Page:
So as of last week.
I was due to fly to Sri Lanka for my first ever visa run. The time between my arrival in August and the next time in the U.K. was over 180 days so I had to leave the country by the end of Jan.
So what could go wrong?
The day before I was due to leave the Mysore FRRO telephoned and asked me to come in. It was the same helpful chap featured here
Bangalore had informed him, they had decided that I was on the wrong visa.
It was presumably because of the low level of investment/turnover in the business. It’s a small business predominantly for Manjula so doesn’t earn much money and doesn’t require much investment, just some furniture and cycles.
Sugar, this is a real problem. If I leave the country as planned they will not let me back in……
This is a critical time for us.
It’s our busiest time with just a few days with hardly any guests so my plan has been to nip out and rush straight back. Also Manjula had not been well, because of a recurring problem (more later) so I was essentially holding it all together (that’s juggling all the stuff, preparing rooms, making breakfast, leading cycle tours. ( I know, I know violins are playing, but I’m a man, multi tasking is NOT easy) thankfully there was the help of our two cleaners and a Special mention for Tom, Amy, Anne and Dave and of course the forbearance of my panicking – will he get back in- wife.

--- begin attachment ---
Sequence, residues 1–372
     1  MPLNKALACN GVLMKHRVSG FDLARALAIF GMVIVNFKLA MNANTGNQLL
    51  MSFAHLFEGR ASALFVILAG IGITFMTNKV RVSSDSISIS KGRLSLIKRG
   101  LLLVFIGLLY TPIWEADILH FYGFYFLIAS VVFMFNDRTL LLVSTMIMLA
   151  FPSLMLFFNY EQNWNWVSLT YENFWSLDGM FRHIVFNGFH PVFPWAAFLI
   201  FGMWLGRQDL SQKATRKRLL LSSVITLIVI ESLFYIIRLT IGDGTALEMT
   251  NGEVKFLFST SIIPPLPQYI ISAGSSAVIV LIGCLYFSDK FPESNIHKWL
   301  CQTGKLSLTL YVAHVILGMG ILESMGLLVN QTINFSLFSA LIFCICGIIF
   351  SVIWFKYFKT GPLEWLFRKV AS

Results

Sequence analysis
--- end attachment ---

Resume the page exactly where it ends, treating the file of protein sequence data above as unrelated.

I’ve just got to go. It’s now or never but it can’t drag on.
What to do?
I feel like I’m appearing in Fawlty Towers and Keystone cops! here I come 🙃
The great guy at the police commissioners gave me an option. Apply for an x (aka entry) visa as a spouse. Great idea. I wonder how long would this take? I just can’t be away from home and Manjula for more than a few days. It doesn’t seem feasible.
I’d planned to fly out of Mysore to Chennai, then onto Colombo on the friday (next day) and back on Sunday. Tickets were bought, small bag packed. Eek.
Tom had a solution: Get a tourist e visa to get back in. I applied on the Thursday, it would take 72 hours to be processed, I flew out on the Friday due back on the Sunday but wouldn’t expect to get the visa until Monday so would forego the flights and dash back as soon as I got the visa. Then I would fly in to Chennai where I’d hope they’d let me in.
Phew. Sounds like a good idea. An Indian solution.
I apply and I’m off….
So it’s Saturday and this trip has proven to be one mishap after another. More details here.
After a day walking aimlessly in Colombo I had supper ( no micro breweries) and headed back to the hotel with my sea view from the balcony.